Crazy Eights
Forced participants to place 8 sketches in each 8 panels. I noted that they would not be shared with the group to ensure that fidelity did not have to be high.
Storyboarding
Participants went back to their mind-maps and crazy 8’s to find the best ideas they came up with. Here, attendees framed what the interaction of the feature they came up with would be like.
Silent Critique
After uploading photos of their storyboards onto the slide-deck, we had 2 ballots each to vote for what we thought were the best ideas. For each idea, we also discussed why we liked the feature and why it worked.
Competitive Audit
In addition to the ideas captured in the design studios, I also wanted to grab inspiration from well-designed existing applications that tackled the same problems. I researched platforms that had clear hierarchy of data, an organized layout, and used graphs or projects in a way that aided the user in understanding consumption or activity.

I created an artboard to document the inspiration that I had gathered. This in turn led me to admire the minimalistic visual style of the varying applications I had looked at.
User Testing
3 rounds of user studies in RITE testing
2 Technical Account Managers
3 Small Enterprise Managers
2 Large Enterprise Managers
During each round of user testing, I was able to ask customers what their impression of the designs were. Then, I would shape the interview to dive deeper into the areas of the design that I wanted most feedback on.

Many of the questions in my user research script revolved around asking what the most valuable parts of the designs were, what users disliked about the concepts if there were any concerns, what was helpful or not helpful, and features users wanted to see on top of the ones I had designed in the prototypes.
User Research Feedback
On our billing overview pages, the redesign formatted groupings of relevant information into cards, highlighted a monthly summary, and included an upfront running total for services on our platform.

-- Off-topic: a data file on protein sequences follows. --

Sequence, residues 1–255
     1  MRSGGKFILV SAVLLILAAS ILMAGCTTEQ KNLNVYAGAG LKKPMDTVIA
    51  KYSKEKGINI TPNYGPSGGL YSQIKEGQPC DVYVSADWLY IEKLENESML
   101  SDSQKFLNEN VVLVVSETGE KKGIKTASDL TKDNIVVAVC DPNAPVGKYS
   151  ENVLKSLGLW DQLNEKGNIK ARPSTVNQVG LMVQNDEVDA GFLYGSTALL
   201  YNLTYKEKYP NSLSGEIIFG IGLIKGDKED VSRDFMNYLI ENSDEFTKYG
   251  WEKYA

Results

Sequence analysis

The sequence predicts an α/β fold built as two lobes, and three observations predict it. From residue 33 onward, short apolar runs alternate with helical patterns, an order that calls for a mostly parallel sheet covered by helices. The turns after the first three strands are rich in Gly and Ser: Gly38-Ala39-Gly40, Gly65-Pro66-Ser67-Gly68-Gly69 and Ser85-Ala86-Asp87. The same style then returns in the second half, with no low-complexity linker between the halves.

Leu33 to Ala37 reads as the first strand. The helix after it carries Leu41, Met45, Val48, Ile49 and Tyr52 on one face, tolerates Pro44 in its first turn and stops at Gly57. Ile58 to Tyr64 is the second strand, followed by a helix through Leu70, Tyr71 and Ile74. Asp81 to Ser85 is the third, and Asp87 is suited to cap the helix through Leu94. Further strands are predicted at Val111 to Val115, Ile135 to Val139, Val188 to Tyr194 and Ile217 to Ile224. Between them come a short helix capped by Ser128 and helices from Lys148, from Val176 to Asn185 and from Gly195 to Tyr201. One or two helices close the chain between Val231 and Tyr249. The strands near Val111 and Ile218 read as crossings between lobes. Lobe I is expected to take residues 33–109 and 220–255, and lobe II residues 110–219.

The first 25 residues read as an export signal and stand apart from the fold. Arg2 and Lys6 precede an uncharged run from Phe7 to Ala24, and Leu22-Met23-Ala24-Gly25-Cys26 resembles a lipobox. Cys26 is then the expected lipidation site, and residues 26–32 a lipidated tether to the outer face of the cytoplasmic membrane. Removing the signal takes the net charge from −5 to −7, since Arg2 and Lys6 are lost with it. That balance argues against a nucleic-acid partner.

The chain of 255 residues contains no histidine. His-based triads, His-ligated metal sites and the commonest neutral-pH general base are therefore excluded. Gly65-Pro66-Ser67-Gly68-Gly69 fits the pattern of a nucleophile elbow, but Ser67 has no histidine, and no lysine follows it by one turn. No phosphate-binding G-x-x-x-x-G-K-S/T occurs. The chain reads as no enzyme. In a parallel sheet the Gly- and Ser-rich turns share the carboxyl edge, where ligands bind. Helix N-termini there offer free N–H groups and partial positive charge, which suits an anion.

Users notice the monthly summary amount as the first item on the page before interacting with any other pieces. They enjoy its clarity and comprehension as it elevates high-level details yet still shows the finer-grain details if the user chose to.

Overall, the consensus was that these designs are more organized, informational, and easier-to-read than the old billing pages. Most participants agreed that they forecasted experiencing less issues with understanding their billing information and spending less time inspecting details with these new designs.
For our invoice pages, customers enjoyed the monthly summary at top in addition to the roll-up on the different features. The new invoices made it easier for them to expand on details and the graph clearly articulated the largest spenders.
Customers expressed that the monthly summary with total spend was really clear and that the roll-up on the different business units was really useful. They said the way the data was presented was much more organized and they enjoyed how consumption was shown for different layers for the billing period.
All users stated that the designs were easier to understand than the old pages.
“It's an improvement from before. It's just enough information that I can tell what's going on here.”
“It's fantastic, it's been my biggest pain point when I try to manually go to the line items. This makes it a lot easier.”
"AWS's billing page seems to have a lot of bells and whistles. In comparison, this is relatively straightforward."
“It's very quick and easy to look at what I need to know."
Impact
We’ve been releasing these new features in phases and have set up close conversations with our Support team, TAMs, and CSMs post-launch. Since then, billing-related cases have decreased from 11-16% to 5-8%.